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Obama's 'Body Man' Looks Back On His Presidential Education

Reggie Love went from playing sports at Duke to working as Barack Obama's personal assistant. His new memoir, Power Forward, describes what he learned on the campaign trail and in the White House.
NPR

We Went From Hunter-Gatherers To Space Explorers, But Are We Happier?

In his book Sapiens, Yuval Noah Harari packs the history of humanity into 400 pages. "In some areas we've done amazingly well," the historian says. "In other areas we've done amazingly bad."
NPR

'Alphabetical' Tells The Story Behind Every Letter, A To Z

There are 26 letters in the English alphabet. But how did they get there, and why do they look the way they do? Michael Rosen looks for answers in his new book Alphabetical.
NPR

An Expansive View Of Vietnam In 'She Weeps Each Time You're Born'

Poet and author Quan Barry — born in Vietnam but raised in America — says she wants her new novel to help get rid of some of the preconceptions Americans have about Vietnam as a quagmire.
NPR

On Board A City Bus, A Little Boy Finds The Route To Gratitude

In Last Stop on Market Street, a little boy goes on a journey with his grandmother. Along the way he meets many interesting passengers and learns to recognize the blessings right in front of him.
NPR

In 'Red Notice,' Success Draws Treachery, Tragedy In Putin's Russia

Robert Siegel talks to Bill Browder, an American financier who was expelled from post-Soviet Russia and saw an attempt to claim his company devolve into a deadly bureaucratic and legal farce.
NPR

Novelist's 'Disgruntled' Heroine Is Drawn From Her Own Childhood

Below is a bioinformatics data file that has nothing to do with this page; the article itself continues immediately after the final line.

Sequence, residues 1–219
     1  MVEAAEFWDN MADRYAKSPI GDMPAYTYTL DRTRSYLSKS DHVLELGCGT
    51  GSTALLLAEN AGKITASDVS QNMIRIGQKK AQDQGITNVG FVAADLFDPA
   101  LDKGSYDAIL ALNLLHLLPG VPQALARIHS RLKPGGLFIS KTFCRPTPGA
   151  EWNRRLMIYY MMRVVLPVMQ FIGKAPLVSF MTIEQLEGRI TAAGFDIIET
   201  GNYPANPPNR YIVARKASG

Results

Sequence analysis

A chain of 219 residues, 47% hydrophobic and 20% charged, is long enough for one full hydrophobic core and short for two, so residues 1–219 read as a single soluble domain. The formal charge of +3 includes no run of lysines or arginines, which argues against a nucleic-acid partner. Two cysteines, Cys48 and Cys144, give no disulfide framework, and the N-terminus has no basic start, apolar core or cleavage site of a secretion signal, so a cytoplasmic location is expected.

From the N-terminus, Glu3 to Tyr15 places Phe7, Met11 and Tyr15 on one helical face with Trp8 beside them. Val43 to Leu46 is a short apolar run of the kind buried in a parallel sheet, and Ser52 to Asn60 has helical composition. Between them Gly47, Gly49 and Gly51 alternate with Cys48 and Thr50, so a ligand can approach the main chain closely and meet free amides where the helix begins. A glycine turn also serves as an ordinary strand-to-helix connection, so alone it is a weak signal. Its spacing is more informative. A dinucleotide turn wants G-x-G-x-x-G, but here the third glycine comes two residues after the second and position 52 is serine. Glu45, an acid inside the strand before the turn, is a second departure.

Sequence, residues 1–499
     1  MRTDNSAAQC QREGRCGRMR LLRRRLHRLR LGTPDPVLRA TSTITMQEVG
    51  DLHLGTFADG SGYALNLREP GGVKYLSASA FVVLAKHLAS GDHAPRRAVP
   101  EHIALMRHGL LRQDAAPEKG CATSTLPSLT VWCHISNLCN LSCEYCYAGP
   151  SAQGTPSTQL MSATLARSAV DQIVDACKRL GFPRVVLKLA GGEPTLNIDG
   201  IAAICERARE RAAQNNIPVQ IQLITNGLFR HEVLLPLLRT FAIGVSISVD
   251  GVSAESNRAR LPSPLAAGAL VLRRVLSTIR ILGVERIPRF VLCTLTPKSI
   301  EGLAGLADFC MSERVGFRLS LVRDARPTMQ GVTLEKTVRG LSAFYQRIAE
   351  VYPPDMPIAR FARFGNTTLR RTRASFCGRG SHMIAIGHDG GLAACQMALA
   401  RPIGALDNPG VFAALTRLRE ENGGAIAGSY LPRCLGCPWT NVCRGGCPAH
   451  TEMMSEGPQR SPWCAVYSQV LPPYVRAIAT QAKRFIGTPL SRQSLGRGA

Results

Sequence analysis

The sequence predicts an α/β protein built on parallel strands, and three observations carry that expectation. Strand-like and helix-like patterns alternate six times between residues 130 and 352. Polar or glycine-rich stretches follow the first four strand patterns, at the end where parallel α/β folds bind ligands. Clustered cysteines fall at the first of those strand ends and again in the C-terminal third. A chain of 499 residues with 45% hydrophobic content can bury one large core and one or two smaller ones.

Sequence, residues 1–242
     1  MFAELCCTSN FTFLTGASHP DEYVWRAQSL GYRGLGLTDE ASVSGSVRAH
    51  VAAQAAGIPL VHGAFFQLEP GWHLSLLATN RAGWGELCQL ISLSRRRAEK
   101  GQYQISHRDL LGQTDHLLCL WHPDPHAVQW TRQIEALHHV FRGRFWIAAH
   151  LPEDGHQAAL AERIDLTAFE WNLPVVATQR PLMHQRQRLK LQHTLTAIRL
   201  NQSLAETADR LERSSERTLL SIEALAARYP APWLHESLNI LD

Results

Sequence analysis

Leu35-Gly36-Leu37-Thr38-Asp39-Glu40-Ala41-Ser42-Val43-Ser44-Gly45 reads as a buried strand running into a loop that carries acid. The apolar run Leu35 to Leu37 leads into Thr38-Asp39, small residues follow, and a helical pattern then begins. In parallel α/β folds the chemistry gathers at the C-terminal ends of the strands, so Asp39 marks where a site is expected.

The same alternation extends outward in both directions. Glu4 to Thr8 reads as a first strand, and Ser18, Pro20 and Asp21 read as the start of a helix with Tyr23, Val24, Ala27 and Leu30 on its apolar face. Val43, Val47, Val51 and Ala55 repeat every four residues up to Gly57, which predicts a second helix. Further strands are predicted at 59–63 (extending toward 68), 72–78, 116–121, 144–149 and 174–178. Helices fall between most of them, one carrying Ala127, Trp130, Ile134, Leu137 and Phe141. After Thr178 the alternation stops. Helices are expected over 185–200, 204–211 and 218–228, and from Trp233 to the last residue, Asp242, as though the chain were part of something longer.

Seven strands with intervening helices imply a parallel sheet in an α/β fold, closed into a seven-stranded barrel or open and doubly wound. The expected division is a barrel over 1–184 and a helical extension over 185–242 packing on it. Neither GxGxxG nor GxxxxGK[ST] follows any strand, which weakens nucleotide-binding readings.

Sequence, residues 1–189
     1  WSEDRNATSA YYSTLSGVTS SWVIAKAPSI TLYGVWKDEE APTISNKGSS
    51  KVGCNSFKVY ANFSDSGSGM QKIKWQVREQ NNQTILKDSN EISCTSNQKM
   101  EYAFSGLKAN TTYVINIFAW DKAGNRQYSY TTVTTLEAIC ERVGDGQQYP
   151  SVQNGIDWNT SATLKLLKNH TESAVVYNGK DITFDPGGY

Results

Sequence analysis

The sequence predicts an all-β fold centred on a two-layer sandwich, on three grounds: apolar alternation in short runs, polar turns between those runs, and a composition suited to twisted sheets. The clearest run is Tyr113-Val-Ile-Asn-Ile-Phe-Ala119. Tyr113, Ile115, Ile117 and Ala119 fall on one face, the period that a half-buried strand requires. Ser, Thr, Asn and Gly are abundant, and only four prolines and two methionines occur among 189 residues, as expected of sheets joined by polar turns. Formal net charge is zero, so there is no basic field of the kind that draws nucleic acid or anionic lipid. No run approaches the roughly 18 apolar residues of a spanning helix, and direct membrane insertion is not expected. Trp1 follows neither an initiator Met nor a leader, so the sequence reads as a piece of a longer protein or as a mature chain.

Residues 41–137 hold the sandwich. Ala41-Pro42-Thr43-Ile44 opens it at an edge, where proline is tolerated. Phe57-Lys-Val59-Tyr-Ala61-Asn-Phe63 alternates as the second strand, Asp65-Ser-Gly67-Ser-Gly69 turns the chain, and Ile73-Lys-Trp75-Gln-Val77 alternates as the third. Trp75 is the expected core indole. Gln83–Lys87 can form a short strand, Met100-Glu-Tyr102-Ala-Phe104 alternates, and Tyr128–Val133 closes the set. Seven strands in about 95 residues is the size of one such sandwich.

Asali Solomon's novel is about a girl growing up in West Philadelphia whose parents were black nationalists. "My parents taught us to revere Africa — people at school made fun of Africa," she says.
NPR

Drift Away Into The Not-Quite-Dreamy Logic Of 'Get In Trouble'

Kelly Link says the stories in her new collection Get in Trouble employ "night time logic." It's not quite dream logic, she tells NPR — nonsensical, but it has "a kind of emotional truth to it."
NPR

Fingertips To Hair Follicles: Why 'Touch' Triggers Pleasure And Pain

In his latest book, neuroscientist David Linden explains the science of touch. He tells Fresh Air how pain protects, why fingertips are so sensitive and why you can't read Braille with your genitals.
NPR

As America Grays, A Call For Dignity In Aging And Elder Care

In The Age of Dignity, Ai-jen Poo says rather than viewing aging from a place of scarcity and fear, we should see getting older as an opportunity. And, she writes, we must fix our flawed care system.

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